This planner thing only works if you are intentional in using it. Schedule a time during the week (preferably in the beginning, like on a Sunday evening) and schedule out your whole week and what it will look like. Create time blocks for how long you plan on spending time working on an assignment or project.  This will help you know how full each day of the week is going to be, prioritize the important things, and increase your productivity. And with it all written down you’ll never lose it or forget!

Now you won’t have any excuse to hand in an assignment late to your professor.

Check it Off

I don’t know about you, but I love crossing things off of a list. There is so much satisfaction in crossing off a task that you have completed. This brings me to my next tip: create a to-do list.

I mentioned this about with talking about planners; however, I don’t think a to do list in your planner is enough to keep you on track of assignment and project progress. I highly suggest finding a task management system that works for you.

Some people prefer paper, and if you are going to look at your planner every single day and have it consistently in front of you, go for it. That’s the perfect place for your to-do list. If you’re not that kind of person, here are some suggestions.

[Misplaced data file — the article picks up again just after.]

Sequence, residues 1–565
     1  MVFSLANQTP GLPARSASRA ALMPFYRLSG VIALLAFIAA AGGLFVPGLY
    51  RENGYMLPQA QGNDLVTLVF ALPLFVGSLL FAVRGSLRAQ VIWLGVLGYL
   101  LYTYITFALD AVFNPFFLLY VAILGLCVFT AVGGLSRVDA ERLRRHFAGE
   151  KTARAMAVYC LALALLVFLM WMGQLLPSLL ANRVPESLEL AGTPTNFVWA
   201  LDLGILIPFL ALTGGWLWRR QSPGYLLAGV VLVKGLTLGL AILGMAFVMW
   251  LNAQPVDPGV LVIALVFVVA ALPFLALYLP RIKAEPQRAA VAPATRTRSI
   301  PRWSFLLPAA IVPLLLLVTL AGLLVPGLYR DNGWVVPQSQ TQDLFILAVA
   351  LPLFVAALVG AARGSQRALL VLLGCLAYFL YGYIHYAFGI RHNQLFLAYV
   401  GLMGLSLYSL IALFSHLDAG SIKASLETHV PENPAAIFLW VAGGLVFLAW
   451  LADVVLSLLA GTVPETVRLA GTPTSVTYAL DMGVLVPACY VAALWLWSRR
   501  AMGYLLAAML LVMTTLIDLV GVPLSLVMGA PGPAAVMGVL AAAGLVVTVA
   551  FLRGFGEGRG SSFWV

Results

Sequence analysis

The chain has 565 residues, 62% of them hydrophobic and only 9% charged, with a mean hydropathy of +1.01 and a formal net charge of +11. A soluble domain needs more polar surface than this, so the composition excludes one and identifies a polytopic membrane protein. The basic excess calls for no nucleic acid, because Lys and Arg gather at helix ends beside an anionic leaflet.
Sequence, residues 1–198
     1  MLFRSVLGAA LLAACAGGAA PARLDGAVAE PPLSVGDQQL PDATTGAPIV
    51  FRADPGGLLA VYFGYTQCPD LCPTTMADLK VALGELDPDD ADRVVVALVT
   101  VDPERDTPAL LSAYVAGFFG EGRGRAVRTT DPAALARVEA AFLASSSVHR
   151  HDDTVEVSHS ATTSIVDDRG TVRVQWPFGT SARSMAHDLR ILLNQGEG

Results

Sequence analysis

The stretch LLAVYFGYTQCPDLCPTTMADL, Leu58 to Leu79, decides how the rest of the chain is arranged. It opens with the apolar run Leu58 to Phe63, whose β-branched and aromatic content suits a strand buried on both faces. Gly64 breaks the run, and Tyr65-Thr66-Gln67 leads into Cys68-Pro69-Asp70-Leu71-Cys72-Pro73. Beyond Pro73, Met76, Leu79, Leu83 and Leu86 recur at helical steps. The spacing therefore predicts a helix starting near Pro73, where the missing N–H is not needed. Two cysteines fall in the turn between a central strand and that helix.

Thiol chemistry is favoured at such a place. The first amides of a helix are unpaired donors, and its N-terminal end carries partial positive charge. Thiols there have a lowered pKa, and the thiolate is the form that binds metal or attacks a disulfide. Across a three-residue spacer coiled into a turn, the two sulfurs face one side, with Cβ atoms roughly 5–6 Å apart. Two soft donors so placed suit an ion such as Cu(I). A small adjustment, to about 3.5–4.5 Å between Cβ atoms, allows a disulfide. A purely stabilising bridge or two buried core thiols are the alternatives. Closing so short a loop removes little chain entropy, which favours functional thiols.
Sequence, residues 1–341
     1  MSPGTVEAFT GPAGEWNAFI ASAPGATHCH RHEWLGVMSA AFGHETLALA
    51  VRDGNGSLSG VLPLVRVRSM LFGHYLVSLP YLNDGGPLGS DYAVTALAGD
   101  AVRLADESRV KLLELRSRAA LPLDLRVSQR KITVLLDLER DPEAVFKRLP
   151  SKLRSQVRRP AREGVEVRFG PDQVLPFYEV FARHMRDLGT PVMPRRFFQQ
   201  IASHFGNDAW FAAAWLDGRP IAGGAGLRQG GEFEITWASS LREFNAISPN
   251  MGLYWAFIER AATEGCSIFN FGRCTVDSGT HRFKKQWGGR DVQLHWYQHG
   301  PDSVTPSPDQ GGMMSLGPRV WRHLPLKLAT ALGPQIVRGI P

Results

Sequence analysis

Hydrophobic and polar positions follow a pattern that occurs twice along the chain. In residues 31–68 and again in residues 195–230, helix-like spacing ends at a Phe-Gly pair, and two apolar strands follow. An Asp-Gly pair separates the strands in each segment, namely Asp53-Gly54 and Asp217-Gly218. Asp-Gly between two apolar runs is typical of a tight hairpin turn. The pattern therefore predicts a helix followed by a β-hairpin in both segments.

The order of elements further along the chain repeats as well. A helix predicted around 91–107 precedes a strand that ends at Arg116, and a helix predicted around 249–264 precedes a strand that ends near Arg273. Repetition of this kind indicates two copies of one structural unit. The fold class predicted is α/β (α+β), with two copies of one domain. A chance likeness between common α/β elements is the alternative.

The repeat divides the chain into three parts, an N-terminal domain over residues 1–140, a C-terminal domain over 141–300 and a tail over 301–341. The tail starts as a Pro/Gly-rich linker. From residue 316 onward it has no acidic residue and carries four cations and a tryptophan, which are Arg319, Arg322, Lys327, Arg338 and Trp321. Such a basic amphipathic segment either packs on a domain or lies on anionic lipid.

Two task management systems that I personally love are Asana and Wunderlist. Both of these systems are online, and are able to be accessed by your computer, smartphone, or tablet. This makes it super simple to access your to-do list, anytime or anywhere. The other plus of having an online task management system is that you can organize them by project, assignment, and due date and set up reminders to finish your tasks before the due date. So even if you forget to check your list, you’ll get reminders sent to you through email and the app.

All Those Notes

One thing I remember about college is ALL THE NOTES. I remember trying to manually organize them in different folders on my computers which ultimately took up time that I could have been working on a paper to write, or an assignment I had due. It wasn’t until my senior year at Elim where I discovered apps like Evernote and OneNote.